Now, as to whether there is a speed difference between, say, TRIM() and TRIM$(), I don't know for certain because Microsoft, in their infinite wisdom, does not give us insight into the PCode compiled for a particular code sequence. However, if I declare a string variable and then assign TRIM$(x) to that variable, the compiler will recognize that a conversion is not required for that case, so won't include conversion code. The speed difference is that a variant data type has a descriptor even for numeric data. But it is not clear that other data types DO have descriptors.

You may ask how I am so sure. If you web-search VBA LANGUAGE SPECIFICATIONS you can find a few good articles that even define when type conversion code will be implemented. Be warned, however, to bring lots of strong black coffee if you really want to start reading that much.
 

Isaac

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When you use DIM X AS STRING, you have in fact declared an item to statically be a string. It will contain a string-descriptor. It is not a variant at any time
Yep - that's what I was saying.

you CAN leave off Option Explicit and just name variables without regard to data typing.

Not exactly ... Option Explicit's effect is to require you to Declare variables: It has no effect on the rules of typing them.
1599842285298.png


VBA also allows Option Explicit so that you can let the compiler catch type-assignment errors

I would diverge on this point as well - Option Explicit, along with Dim lngVar as Long, followed by the statement: lngVar="test", actually will not produce a compile error.
1599841941314.png


I'll take your word on the BASIC part - you're right, that was before my techie years and possibly to some degree before my years! :)
 

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isladogs

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Sorry Isaac but that does produce a compile error...when it runs
1599855554463.png
 

Isaac

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A run time error, not a compile error.

My post was focused on the fact that it won't produce a compile error -- I meant, of course, the error that the parser catches specifically during
Debug > Compile. And was a response to Doc's " VBA also allows Option Explicit so that you can let the compiler catch type-assignment errors ", which is incorrect.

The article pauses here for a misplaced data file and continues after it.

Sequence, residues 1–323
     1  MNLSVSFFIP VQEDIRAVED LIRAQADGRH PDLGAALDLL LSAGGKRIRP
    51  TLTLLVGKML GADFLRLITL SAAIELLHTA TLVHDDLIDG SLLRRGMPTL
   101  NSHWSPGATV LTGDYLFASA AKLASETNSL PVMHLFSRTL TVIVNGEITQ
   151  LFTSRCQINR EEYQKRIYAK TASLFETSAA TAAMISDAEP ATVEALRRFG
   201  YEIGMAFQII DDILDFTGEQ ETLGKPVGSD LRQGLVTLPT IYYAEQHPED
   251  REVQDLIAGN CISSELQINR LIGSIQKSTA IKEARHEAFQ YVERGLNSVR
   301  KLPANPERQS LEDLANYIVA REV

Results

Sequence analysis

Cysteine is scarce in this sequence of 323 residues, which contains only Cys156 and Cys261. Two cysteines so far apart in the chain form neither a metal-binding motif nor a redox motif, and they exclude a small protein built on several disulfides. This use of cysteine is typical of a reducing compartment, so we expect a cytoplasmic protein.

so 1) we're talking about 2 different errors, compile vs. runtime
and 2) Option Explicit produces no different results. The sub you pictured will err at runtime whether Option Explicit is on or not.
 

The_Doc_Man

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There are circumstances where VBA will disallow that at compile time, particularly if you are talking about a subroutine call.


I stand by my statement that the compiler knows when something is illegal. I'll admit I'm surprised it doesn't flag the simple test that you guys did. Doesn't matter, though. Bad usage is bad usage either way. Catch it now, catch it later.
 

Isaac

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Bad usage is bad usage either way. Catch it now, catch it later.
Absolutely agree! Declare and type all variables 100% of the time, is my rule. Even further, give variables descriptive names. So strong is my habit that I can't remember not to when making VBScript - Most of the time the first run ends up revealing that I've tried to type something at least once. But I'm OK with that, it's evidence of a deep habit.

And I see what you mean about the other occasions, such as a mistyped variable being passed as an argument.

I'm working right now on a support project with a huge VBA project in a complex Excel workbook/interface. Almost no variables were declared, much less typed. It has made the "understanding" process incalculably harder. At least most variables have names which are descriptive to the author, but even there, heavy abbreviating was followed, the interpretation of which depends entirely on business domain knowledge. :confused:
 

The_Doc_Man

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Almost no variables were declared, much less typed. It has made the "understanding" process incalculably harder.

I'm beginning to sense that you have a flair for understatement. This kind of "declaration vacuum" happened to me once along time ago when I was given some assembly language code with NO COMMENTS and was asked to fix it because it was broken. I empathize deeply, my friend.
 

arnelgp

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did you not Carefully read and understand what i wrote.
you are trying to Experiment with variable Declaration,
while I wrote about the Return from a Function, eg:

Chr$() against Chr()
LTrim$() against Ltrim()
String$() against String()
UCase$() against UCase()
etc...

the functions with $ suffix, returns an Explicit string
while those without returns a Variant type.

the former is much faster since there is no
type conversion from Variant to string.
 

arnelgp

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VBA Developer Handbook 2nd Edition
Ken Getz
Mike Gilbert

Sybex 2000(c)
string.jpg
 

Isaac

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did you not Carefully read and understand what i wrote.
you are trying to Experiment with variable Declaration,
while I wrote about the Return from a Function, eg:
Possibly I thought you were talking about variable declaration based on this:
Dim lnglngVar^
...And possibly because the OP has framed this thread as discussing identifier type symbols for the purpose of declaring variables.

Thanks for clarifying..